Site- and District-level Advocacy

Chapter 8 Advocacy by Kristin Fraga Sierra and TuesD Chambers

Blog post by Judi Moreillon

“When professionals combine our expertise for the benefit of students, there is transformative power in collaboration” (Sierra and Chambers 127).(Sierra and Chambers 127)

Chapter 8, like every other chapter in Core Values in School Librarianship: Responding with Commitment and Courage, includes two vignettes from practitioners in the field. Erin Godfrey Bethel contributed a vignette focused on a reading promotion initiative at Washington Elementary in Tacoma, Washington, that became a successful advocacy project for the library and her librarian role in the process. Chapter 8 co-author TuesD Chambers contributed a district-level public relations turned advocacy effort in Seattle Public Schools (SPS).

Site-level Advocacy Reaches District-level Advocates
In her vignette, Erin shared her main motivation for seeking and enacting a reading program grant called the Global Reading Challenge (GRC). She implemented the program in her school with a vision for increasing a focus on reading and on the school library as a hub—a welcoming place for all students, especially young people who had not found acceptance elsewhere in the school.

This initiative involved students in the planning process and in organizing teams of readers. Erin used social media to promote the GRC. Each year since its inception, the number of participants has increased and the program has expanded to other schools in the district. Parents and businesses got involved in supporting the GRC and when the district-level competition was held, Erin invited district decision-makers to attend. A win-win-win for students, administrators, and community means a win for the school librarian.

District-level Advocacy
In her vignette, TuesD writes about how a district-wide newsletter representing the work of the entire school librarian cadre of SPS made a huge difference in decision-makers’ understanding of school librarians’ critical roles. The newsletter began as a communication tool among librarians themselves—to share their work and learn from one another’s practice. They also wanted a way to amplify their work that aligned with the SPS Strategic Plan and goals for literacy learning and share it with site- and district-level decision-makers.

The result was a collaborative competition that improved practice among the school librarians while it influenced the understandings of the work of school librarians of families, district leadership, and community members. Spotlighting specific school librarians, libraries and their literacy-focused programs demonstrated how librarians matter to the students in the district. Collaborative competition boosted librarians themselves in elevating their practice. The district-wide newsletter provided direct evidence of the importance of librarians’ work to district goals.

School Librarians as Advocates for the School Library Program
In both of these examples, site- and district-administrators, parents, businesses, and other community members became knowledgeable about the roles of the librarian and library in students’ learning. If and when Erin or TuesD’s librarian cadre need support – a specific “ask” from their advocates, there were supporters with first-hand experience of the influence of school librarians and the impact of school libraries.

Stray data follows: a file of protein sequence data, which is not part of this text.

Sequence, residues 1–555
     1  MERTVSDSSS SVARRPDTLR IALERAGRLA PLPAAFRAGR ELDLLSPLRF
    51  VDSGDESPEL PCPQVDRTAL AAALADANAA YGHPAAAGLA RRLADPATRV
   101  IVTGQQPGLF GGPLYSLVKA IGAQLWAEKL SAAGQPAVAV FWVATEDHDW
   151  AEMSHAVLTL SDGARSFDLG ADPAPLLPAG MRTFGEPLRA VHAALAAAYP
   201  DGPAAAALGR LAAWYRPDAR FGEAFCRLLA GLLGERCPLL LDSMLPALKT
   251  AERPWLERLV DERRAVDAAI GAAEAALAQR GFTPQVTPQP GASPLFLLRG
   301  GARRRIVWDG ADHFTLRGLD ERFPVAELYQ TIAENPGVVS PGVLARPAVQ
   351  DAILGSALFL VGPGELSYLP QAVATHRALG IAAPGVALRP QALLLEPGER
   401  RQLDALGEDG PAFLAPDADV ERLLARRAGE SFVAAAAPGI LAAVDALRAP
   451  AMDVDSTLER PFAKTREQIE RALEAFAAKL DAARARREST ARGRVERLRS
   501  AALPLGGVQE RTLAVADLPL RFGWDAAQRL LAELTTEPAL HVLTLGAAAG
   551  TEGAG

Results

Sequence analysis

“It takes a special kind of curator to gather these voices for others to see and hear until our advocates’ voices become impossible to ignore. It takes a certified school librarian leader who is a library and librarian advocate” (Sierra and Chambers 137).

As they note at the end of their chapter, Kristin and TuesD proclaim that school librarians must be the curators who gather and provide the evidence that will enlist other voices to step up on behalf of their work. School librarians must engage in public relations as curators of their own influence and impact in order to grow advocates. That truly makes school librarians their own best advocates!

Reflection Question
What is one method or example of advocacy that you want to improve upon and why? (Sierra and Chambers 137).

Work Cited
Sierra, Kristin Fraga, and TuesD Chambers. 2021. “Advocacy.” In Core Values in School Librarianship: Responding with Commitment and Courage, ed. Judi Moreillon, 123-138. Santa Barbara, CA: Libraries Unlimited.

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About Judi Moreillon

Judi Moreillon, M.L.S, Ph.D., has served as a school librarian at every instructional level. In addition, she has been a classroom teacher, literacy coach, and district-level librarian mentor. Judi has taught preservice school librarians since 1995. She taught courses in instructional partnerships and school librarian leadership, multimedia resources and services, children’s and young adult literature, and storytelling. Her research agenda focuses on the professional development of school librarians for the leadership and instructional partner roles. Judi just completed editing and contributing to Core Values in School Librarianship: Responding with Commitment and Courage (Libraries Unlimited 2021). She has published four other professional books including Maximizing School Librarian Leadership: Building Connections for Learning and Advocacy (ALA 2018). (See the book study on this blog.) Judi earned the American Library Association's 2019 Scholastic Library Publishing Award.

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